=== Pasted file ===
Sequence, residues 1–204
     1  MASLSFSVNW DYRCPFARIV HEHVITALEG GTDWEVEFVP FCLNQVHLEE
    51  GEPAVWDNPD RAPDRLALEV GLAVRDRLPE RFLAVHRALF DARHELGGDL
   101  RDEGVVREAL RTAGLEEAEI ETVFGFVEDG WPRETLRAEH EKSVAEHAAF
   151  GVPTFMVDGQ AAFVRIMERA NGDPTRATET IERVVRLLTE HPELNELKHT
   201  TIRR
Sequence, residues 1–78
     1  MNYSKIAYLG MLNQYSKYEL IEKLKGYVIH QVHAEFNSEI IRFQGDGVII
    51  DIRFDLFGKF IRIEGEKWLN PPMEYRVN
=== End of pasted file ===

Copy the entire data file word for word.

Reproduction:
Sequence, residues 1–204
     1  MASLSFSVNW DYRCPFARIV HEHVITALEG GTDWEVEFVP FCLNQVHLEE
    51  GEPAVWDNPD RAPDRLALEV GLAVRDRLPE RFLAVHRALF DARHELGGDL
   101  RDEGVVREAL RTAGLEEAEI ETVFGFVEDG WPRETLRAEH EKSVAEHAAF
   151  GVPTFMVDGQ AAFVRIMERA NGDPTRATET IERVVRLLTE HPELNELKHT
   201  TIRR
Sequence, residues 1–78
     1  MNYSKIAYLG MLNQYSKYEL IEKLKGYVIH QVHAEFNSEI IRFQGDGVII
    51  DIRFDLFGKF IRIEGEKWLN PPMEYRVN